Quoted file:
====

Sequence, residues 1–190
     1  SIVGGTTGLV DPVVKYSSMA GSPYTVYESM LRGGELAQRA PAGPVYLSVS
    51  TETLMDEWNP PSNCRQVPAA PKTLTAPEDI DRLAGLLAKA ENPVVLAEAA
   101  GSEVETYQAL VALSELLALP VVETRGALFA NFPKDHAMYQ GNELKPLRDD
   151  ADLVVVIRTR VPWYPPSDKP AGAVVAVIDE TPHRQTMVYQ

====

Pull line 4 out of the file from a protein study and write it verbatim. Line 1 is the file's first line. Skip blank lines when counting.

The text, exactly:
   101  GSEVETYQAL VALSELLALP VVETRGALFA NFPKDHAMYQ GNELKPLRDD